From Silos to Services: Cloud Computing for the Enterprise

Jan 24 2015   11:32AM GMT

Of DevOps and Craft Beers

Brian Gracely Brian Gracely Profile: Brian Gracely


Lots of people are trying to figure out DevOps these days. Where should I get started? What tools do I use? What processes within our business have to change? What language do those “developer” people speak?

Craft Beers


One of the most common starting points for these discussions is around an automation tool. Many people will argue that the Journey of a DevOp isn’t about tools, but the reality is that tools are tangible, and bits make techies more comfortable than talking about process and emotions.

If you’re a Unix/Linux SysAdmin, things may not seem too weird. You’re used to unusual names – Sed, Awk, Grep. Project names like Pig, Zookeeper, SnakeCharmer, or Gump just sound like hostnames you might have in your datacenter. And you’re used to the endless debate over things that appear to be the same (such as a text editor), but have dozens of variants because everyone wants things just the way they like it. Apparently it’s unacceptable to have snowflake machines in a DevOps environment, but everyone is a snowflake when it comes to their tools.

And if you’ve been to a new bar/restaurant lately, you probably know the feeling. Dozens or hundreds of craft beers on tap, all with unique names, and from the naked eye they can look very much the same. What makes the Hog’s Flatulence IPA any different from the Naked Conspiracy IPA? Where do I start? How do I know which one will go down easy and which one will have you up at 3am regretting all of your life’s prior decisions? Will your friends look down on you if you’re more of a Portland or Brooklyn or Austin or Raleigh brewery fan?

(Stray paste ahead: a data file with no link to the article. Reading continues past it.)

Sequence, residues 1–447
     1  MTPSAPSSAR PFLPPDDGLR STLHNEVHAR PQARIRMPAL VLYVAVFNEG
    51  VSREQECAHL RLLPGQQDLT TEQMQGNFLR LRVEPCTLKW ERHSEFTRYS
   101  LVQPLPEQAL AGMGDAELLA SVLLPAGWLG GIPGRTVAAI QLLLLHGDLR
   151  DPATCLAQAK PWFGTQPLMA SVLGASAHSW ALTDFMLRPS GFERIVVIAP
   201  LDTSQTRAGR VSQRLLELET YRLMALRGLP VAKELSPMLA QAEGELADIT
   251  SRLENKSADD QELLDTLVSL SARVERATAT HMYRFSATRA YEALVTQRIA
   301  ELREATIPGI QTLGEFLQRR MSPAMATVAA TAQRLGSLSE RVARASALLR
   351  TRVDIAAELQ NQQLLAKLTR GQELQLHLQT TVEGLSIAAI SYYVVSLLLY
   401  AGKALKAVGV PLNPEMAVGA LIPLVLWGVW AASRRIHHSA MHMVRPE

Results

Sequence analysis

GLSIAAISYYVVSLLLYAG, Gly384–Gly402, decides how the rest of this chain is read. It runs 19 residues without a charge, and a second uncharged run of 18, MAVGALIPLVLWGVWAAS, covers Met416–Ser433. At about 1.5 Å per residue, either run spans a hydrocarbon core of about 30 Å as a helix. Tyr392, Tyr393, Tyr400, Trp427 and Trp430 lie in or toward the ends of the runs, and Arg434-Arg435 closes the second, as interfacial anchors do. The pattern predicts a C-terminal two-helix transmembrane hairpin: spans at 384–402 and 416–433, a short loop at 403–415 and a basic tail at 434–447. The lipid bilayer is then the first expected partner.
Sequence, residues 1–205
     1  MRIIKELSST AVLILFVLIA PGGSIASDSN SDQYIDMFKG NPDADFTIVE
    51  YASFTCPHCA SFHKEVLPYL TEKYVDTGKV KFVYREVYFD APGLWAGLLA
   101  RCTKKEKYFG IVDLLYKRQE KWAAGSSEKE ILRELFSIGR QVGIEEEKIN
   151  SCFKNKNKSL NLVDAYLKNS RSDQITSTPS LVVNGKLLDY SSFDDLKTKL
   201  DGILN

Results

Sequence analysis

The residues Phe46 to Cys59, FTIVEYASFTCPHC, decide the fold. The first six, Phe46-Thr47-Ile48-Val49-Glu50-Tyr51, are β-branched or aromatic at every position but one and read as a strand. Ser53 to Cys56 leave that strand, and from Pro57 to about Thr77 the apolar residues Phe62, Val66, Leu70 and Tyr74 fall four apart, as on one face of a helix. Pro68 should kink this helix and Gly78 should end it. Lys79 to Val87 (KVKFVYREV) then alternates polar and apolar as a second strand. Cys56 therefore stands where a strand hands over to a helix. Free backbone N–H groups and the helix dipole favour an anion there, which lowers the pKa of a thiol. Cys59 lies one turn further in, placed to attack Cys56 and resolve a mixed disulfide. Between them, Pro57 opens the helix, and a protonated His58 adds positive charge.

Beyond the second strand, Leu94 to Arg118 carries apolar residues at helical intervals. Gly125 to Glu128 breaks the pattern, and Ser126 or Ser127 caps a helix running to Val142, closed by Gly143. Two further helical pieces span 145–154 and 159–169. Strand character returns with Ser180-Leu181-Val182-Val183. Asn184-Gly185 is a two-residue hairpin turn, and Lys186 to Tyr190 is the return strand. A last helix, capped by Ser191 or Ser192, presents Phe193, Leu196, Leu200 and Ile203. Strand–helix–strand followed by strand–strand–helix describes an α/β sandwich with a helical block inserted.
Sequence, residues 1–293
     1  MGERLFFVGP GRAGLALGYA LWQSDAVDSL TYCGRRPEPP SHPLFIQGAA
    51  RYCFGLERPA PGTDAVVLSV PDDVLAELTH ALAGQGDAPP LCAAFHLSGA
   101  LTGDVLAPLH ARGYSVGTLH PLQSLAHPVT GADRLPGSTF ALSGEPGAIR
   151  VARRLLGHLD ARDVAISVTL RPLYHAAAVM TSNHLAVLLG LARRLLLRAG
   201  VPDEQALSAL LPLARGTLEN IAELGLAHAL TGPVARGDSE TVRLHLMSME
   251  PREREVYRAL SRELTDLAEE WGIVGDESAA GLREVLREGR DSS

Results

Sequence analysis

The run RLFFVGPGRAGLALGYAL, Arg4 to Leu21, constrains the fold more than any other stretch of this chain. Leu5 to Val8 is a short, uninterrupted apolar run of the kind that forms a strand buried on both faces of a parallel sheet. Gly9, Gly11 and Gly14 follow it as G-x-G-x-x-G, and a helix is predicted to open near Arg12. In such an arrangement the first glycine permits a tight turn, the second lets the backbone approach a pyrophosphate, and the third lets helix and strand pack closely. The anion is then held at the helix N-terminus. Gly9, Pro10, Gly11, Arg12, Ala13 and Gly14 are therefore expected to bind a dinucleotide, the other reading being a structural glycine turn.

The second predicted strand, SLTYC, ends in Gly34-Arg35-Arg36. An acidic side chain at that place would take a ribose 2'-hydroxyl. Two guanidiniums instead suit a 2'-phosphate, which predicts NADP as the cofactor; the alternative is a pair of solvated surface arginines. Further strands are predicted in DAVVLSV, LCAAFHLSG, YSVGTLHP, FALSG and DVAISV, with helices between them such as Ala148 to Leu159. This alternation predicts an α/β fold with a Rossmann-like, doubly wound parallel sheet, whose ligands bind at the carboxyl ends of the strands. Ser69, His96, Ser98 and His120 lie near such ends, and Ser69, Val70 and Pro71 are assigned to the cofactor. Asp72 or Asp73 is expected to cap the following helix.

So where do you start?

The easiest thing might be to take the path well-travelled. Pick one from a couple categories (eg, Puppet, Docker, GitHub) and see how far you can get. Most likely what you’ll find is that you can use common examples from communities to solve some challenges. You’ll begin to see how others are linking the common tools together (Puppet Forge, Docker Hub, GitHub Repos) and you’ll begin to find a level of experience in comfortable with the basics. And just like craft beers, once your palette adjusts, you can start to experiment with others. Maybe you’re not grasping Puppet’s DSL and you want to try something simpler like Ansible or Vagrant? Maybe you feel comfortable enough with Docker to try some of the resource management tools such as Mesos?

And working through this learning is going help with the better understanding the process because successful DevOps environments. How do people interact on community forums? What are good blogs to read to connect the dots? What’s an acceptable level of research to do before asking a question. Where are the common intersections between the “devs” and the “ops” people.

So give it a try. The first step towards DevOps has never been easier to learn.

And if you really want to go back to that Miller Lite, I’m sure there is a vendor sales-rep that would like to take you to lunch soon…


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